Tuesday, February 21, 2012


Learning is hard. Change is hard. But, wow, after all the #chapeltweets, #tweetunity, prayer circles, and conversation, you'd think we'd pick up a few things. I did not attend the President's Ball, the formal Wheaton College dance held Monday night, but I heard one troubling thing. I would love to hear that this did not happen, but the account is that in the midst of top-40 radio pop hits (think Katy Perry), a student requested a salsa song, which was promptly booed. I don't know how many booed the song, but really? Perhaps people were boo-ing everything they did not like that evening, although I doubt it. Perhaps it wasn't a boo at all, but lots of people doing cow imitations at the same time. If it was a boo, however, it is yet another instance of the disregard some have for anyone and any thing in the Wheaton community different from themselves.

I don't even need to get into the question of whether boo-ing salsa songs is racist (it is), to say that it is not nice. It is not a way to communicate concern for anyone but one's self. Even if it had no minority racial component at all - if people boo-ed a country song, say - it is mean to tell people at the same party, who also payed money, who are your fellow students, to boo the things they like because they're not what you like.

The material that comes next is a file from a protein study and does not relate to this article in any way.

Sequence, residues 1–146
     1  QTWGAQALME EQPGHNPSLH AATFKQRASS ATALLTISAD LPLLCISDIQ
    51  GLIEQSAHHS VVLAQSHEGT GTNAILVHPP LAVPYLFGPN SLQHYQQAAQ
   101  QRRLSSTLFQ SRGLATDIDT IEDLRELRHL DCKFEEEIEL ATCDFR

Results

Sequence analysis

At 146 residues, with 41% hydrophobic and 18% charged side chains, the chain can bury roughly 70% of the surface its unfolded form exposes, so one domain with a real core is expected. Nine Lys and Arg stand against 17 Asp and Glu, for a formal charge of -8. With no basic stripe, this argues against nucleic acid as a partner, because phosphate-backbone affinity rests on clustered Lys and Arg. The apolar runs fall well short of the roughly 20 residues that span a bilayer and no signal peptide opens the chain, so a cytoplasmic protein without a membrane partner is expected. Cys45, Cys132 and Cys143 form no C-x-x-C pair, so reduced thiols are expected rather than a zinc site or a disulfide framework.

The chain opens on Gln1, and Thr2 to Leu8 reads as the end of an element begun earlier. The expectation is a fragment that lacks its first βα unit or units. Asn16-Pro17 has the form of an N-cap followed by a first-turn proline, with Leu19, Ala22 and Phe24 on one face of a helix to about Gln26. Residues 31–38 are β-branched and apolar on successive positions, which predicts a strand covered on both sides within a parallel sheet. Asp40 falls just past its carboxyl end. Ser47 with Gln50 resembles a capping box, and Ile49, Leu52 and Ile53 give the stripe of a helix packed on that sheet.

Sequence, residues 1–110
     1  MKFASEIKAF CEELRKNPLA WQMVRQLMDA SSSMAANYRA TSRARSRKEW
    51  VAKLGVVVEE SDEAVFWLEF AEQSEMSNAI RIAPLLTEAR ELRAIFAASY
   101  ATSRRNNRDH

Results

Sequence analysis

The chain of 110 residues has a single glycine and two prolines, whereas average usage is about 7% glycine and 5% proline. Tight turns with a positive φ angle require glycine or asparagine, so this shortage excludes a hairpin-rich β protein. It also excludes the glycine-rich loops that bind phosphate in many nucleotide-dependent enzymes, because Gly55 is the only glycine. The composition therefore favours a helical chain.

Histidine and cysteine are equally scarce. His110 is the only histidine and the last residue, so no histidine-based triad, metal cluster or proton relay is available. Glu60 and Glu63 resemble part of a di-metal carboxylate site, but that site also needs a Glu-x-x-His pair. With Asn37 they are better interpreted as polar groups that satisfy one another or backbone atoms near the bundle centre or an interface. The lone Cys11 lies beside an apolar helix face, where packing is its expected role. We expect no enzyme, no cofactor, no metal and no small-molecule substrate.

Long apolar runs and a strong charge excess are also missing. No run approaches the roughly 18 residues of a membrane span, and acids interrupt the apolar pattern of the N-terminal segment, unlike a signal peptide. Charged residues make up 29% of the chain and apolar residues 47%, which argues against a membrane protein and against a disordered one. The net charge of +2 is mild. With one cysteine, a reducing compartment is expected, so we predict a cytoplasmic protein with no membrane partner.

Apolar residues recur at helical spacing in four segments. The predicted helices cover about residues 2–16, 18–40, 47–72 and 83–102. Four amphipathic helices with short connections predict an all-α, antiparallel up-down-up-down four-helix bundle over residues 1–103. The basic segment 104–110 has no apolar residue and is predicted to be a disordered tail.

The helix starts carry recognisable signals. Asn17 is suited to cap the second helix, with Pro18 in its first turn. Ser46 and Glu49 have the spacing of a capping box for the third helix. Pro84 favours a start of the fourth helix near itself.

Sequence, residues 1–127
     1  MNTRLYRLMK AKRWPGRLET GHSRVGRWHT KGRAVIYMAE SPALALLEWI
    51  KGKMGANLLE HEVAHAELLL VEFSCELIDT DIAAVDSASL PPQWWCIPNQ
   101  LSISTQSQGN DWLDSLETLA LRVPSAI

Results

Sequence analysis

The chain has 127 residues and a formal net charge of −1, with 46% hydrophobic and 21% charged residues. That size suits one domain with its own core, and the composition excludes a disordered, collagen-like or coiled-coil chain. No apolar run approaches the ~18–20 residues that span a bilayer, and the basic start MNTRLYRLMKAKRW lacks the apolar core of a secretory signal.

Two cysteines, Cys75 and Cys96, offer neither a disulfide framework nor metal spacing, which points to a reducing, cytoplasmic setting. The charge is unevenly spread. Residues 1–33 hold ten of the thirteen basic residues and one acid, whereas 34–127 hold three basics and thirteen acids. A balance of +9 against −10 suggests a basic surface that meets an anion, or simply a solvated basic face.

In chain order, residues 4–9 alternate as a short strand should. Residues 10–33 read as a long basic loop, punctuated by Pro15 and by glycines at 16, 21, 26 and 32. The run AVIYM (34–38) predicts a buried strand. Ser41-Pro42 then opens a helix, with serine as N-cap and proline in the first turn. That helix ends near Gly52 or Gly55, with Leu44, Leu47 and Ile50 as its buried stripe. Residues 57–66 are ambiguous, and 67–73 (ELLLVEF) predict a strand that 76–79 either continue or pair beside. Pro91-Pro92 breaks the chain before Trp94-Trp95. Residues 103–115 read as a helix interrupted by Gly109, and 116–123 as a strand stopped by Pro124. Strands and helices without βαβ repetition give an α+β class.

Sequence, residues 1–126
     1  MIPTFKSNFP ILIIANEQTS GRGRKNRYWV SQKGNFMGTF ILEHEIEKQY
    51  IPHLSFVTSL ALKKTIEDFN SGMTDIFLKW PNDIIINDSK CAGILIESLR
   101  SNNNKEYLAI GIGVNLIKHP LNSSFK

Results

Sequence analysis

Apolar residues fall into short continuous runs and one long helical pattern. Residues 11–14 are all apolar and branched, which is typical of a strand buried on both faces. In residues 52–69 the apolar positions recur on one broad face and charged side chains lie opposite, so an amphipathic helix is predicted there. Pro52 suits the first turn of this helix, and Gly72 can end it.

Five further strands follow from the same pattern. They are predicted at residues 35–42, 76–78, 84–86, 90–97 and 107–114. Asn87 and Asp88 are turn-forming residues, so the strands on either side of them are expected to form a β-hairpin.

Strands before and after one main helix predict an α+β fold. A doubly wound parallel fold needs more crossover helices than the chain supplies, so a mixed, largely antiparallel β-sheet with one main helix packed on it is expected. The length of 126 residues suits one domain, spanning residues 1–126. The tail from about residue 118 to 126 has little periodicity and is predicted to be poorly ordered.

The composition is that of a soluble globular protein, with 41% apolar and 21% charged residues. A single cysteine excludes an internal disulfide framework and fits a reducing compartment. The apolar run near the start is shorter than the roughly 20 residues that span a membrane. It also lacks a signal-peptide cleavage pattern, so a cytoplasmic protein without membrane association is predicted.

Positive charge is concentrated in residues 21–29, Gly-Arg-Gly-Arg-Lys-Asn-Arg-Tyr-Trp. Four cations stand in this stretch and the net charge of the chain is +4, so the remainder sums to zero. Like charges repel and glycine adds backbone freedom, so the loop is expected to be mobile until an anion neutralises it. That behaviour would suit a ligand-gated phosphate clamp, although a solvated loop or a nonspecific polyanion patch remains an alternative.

David Anderson, a pastor of a large multiethnic congregation in Maryland, wrote a short book recently with the catchy title Gracism: The Art of Inclusion. The book has a single point, taken from I Corithians 12, that there are members of the Body of Christ who are more vulnerable than others. It is the duty, calling, and self-referential privilege of those who are not vulnerable to care for those who are.

I do not know how many people wanted to hear a salsa song at the President's Ball, but I suspect it was a minority. I suspect many of those who were happy to hear a salsa song were in fact actual minorities. I also suspect that they did not feel cared for when their classmates booed. I doubt they felt appreciated, that people were glad to have salsa lovers at the ball. Setting aside any questions of racism, I would be interested to hear someone argue, from a Christian point of view, that it's OK to boo when you hear a song you don't want to dance to.

Tired of talking about racism? Think it's time to move on? I think it's time to move on also. But I won't move on when so many people would clearly get left behind.


Anonymous said...

The more I get to know Wheaton College, the more it becomes scary!

Brian Howell said...

I know how it looks, but with our problems, I still believe this conversation is healthier at Wheaton than at many other, seemingly more "progressive" places I have been. For a good perspective on Wheaton's particular place in this, see http://www.millinerd.com/2012/02/one-testimony-about-race.html